Audrey Horne – Rock and Roll Forever

Monday, 12th February 2018

Despite the fact that the term ‘classic’ tends to sit in front of ‘rock,’ there’s still bands out there making a go for it. While many may look to the heyday of the ‘70s and ‘80s for that quintessential approach, there always seems to be a crop of newer bands that are ready to carry the torch of rock and roll into the next generation. While having six albums now under their belt, Audrey Horne are far from a new act. But the veteran rockers have no doubt picked up the rock and roll flag and ran with it for their past few albums.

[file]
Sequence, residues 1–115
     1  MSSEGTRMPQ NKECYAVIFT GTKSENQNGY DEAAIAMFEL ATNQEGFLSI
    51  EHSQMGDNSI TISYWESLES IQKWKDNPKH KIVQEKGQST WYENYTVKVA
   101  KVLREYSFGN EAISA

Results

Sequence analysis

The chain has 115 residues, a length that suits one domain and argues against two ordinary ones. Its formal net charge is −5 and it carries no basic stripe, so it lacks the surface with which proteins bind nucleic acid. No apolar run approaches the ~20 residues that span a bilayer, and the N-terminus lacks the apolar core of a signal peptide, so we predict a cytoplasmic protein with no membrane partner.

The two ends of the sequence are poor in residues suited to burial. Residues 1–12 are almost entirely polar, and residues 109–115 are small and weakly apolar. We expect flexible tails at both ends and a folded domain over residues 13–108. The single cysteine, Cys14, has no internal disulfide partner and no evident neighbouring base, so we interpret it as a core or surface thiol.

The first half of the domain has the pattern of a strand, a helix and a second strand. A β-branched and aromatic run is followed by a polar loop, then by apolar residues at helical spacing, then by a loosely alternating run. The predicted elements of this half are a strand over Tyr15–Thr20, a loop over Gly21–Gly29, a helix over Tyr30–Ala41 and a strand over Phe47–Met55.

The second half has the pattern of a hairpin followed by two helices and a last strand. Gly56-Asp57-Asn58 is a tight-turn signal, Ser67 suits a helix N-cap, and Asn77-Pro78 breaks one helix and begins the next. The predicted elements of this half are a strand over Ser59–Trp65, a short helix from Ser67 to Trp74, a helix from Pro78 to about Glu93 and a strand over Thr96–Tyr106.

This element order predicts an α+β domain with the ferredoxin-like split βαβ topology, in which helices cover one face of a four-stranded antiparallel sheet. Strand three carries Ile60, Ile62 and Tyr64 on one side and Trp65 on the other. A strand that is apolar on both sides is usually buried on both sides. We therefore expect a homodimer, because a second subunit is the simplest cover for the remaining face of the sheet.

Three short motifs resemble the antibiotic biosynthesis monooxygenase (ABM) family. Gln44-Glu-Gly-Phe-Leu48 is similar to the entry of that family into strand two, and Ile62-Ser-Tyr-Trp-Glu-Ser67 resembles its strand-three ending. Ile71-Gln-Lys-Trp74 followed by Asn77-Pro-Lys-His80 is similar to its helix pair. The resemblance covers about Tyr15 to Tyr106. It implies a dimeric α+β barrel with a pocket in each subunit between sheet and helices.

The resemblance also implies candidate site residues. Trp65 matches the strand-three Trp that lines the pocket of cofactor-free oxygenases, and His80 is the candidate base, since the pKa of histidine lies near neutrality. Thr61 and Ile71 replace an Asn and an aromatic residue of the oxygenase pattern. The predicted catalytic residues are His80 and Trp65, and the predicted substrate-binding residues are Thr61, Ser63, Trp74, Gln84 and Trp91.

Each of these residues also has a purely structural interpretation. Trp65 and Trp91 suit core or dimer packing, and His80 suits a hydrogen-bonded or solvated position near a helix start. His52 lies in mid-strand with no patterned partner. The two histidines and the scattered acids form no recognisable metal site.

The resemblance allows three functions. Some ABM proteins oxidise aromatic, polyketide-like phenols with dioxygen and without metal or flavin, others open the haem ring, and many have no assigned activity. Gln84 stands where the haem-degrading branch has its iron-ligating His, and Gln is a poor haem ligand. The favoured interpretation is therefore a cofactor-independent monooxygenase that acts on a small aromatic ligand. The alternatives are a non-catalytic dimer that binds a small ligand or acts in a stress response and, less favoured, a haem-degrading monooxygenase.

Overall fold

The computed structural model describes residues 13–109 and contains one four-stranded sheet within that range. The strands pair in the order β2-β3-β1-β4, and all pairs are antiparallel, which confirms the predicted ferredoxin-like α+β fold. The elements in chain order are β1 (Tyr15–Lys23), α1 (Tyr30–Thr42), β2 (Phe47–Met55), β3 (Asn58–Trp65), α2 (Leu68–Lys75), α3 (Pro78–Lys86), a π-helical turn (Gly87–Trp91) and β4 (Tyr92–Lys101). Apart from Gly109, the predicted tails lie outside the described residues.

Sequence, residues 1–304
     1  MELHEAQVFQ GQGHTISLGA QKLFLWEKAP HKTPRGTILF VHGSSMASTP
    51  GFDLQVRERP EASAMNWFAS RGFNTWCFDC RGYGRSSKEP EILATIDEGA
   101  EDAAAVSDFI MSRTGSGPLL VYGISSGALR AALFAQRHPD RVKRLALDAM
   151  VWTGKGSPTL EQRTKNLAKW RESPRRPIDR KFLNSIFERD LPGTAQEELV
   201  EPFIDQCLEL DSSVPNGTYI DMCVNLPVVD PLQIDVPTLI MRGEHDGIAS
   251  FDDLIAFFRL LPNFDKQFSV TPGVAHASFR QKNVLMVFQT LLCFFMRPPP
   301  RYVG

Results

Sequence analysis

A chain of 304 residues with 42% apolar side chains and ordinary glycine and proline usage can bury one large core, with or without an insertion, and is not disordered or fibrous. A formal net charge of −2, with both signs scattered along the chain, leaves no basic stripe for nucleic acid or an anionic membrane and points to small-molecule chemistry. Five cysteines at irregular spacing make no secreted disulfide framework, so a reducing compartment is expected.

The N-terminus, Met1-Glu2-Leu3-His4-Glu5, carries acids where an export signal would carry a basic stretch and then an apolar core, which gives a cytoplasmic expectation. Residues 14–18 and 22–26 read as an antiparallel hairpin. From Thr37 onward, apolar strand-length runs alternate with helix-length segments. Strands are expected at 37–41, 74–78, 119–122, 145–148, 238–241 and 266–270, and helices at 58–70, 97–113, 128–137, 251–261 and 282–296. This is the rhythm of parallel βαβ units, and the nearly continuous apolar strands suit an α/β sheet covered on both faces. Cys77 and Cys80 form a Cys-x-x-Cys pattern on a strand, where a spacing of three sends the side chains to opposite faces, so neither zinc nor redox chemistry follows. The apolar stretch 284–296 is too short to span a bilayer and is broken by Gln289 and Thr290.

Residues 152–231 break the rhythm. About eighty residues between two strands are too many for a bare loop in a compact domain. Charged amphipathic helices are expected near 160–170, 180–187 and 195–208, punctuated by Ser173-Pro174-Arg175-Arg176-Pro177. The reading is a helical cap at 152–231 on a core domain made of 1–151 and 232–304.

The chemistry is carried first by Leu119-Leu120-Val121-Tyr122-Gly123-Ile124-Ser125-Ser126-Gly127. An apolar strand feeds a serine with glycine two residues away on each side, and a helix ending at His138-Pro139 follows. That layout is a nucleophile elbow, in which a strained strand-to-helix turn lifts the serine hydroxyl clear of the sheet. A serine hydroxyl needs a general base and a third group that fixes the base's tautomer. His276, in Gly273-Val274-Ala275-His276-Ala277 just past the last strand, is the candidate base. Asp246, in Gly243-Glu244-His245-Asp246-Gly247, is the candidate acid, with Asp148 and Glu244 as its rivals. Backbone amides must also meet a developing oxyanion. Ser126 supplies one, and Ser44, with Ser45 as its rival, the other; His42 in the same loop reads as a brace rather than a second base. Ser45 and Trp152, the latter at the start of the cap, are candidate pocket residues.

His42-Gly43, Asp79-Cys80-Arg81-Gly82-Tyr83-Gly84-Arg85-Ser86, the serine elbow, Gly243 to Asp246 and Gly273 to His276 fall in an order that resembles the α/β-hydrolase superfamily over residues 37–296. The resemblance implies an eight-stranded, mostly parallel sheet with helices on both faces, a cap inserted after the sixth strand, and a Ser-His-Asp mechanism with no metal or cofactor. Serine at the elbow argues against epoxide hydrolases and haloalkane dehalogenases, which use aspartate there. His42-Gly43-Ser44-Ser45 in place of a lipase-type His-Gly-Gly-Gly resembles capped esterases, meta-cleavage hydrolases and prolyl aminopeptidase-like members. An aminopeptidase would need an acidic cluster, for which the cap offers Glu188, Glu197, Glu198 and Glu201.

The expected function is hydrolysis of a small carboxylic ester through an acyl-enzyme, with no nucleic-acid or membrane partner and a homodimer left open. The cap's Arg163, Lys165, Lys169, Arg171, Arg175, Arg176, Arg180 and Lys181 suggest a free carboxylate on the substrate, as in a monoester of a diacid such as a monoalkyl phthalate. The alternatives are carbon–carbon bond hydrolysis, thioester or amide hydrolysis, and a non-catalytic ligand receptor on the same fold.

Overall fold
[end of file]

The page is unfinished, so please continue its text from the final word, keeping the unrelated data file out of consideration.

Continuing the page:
The most recent addition to the band’s catalogue is that of Blackout. Full of undeniably catchy hooks and guitar heroics, as well as sing-a-long friendly vocal melodies, it’s not only the band’s strongest output to date, but one that hard rock fans should cherish. Genuine and straight-forward cuts fill the album from start to finish, done with nods to the past while keeping one foot planted in modern times. Vocalist Toschie took a few minutes to catch us up to date with the goings-on of Audrey Horne – from the band’s progression through the years, songwriting, and thoughts on both rock and roll and Twin Peaks.

Dead Rhetoric: Blackout was just released – are you satisfied with the response to it so far?